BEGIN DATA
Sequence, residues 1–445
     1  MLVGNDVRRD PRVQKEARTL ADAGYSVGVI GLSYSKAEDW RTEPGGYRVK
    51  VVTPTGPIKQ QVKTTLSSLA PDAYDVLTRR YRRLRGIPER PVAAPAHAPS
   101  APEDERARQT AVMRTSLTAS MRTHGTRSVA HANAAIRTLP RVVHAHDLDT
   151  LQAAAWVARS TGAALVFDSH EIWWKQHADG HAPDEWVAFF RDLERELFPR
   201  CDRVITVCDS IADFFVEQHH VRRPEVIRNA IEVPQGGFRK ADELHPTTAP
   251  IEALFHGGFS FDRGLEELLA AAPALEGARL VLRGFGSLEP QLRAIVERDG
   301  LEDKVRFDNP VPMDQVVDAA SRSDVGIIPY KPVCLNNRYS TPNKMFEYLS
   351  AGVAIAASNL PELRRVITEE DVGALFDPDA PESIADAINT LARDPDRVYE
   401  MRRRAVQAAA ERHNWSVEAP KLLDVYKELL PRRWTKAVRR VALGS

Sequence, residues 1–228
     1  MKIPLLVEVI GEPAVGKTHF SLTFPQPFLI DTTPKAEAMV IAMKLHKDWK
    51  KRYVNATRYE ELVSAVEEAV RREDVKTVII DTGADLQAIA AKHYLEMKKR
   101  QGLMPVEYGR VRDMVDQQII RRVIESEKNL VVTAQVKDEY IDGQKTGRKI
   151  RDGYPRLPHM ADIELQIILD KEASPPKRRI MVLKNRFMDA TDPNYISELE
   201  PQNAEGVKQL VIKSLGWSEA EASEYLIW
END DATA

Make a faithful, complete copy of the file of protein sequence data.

Sequence, residues 1–445
     1  MLVGNDVRRD PRVQKEARTL ADAGYSVGVI GLSYSKAEDW RTEPGGYRVK
    51  VVTPTGPIKQ QVKTTLSSLA PDAYDVLTRR YRRLRGIPER PVAAPAHAPS
   101  APEDERARQT AVMRTSLTAS MRTHGTRSVA HANAAIRTLP RVVHAHDLDT
   151  LQAAAWVARS TGAALVFDSH EIWWKQHADG HAPDEWVAFF RDLERELFPR
   201  CDRVITVCDS IADFFVEQHH VRRPEVIRNA IEVPQGGFRK ADELHPTTAP
   251  IEALFHGGFS FDRGLEELLA AAPALEGARL VLRGFGSLEP QLRAIVERDG
   301  LEDKVRFDNP VPMDQVVDAA SRSDVGIIPY KPVCLNNRYS TPNKMFEYLS
   351  AGVAIAASNL PELRRVITEE DVGALFDPDA PESIADAINT LARDPDRVYE
   401  MRRRAVQAAA ERHNWSVEAP KLLDVYKELL PRRWTKAVRR VALGS

Sequence, residues 1–228
     1  MKIPLLVEVI GEPAVGKTHF SLTFPQPFLI DTTPKAEAMV IAMKLHKDWK
    51  KRYVNATRYE ELVSAVEEAV RREDVKTVII DTGADLQAIA AKHYLEMKKR
   101  QGLMPVEYGR VRDMVDQQII RRVIESEKNL VVTAQVKDEY IDGQKTGRKI
   151  RDGYPRLPHM ADIELQIILD KEASPPKRRI MVLKNRFMDA TDPNYISELE
   201  PQNAEGVKQL VIKSLGWSEA EASEYLIW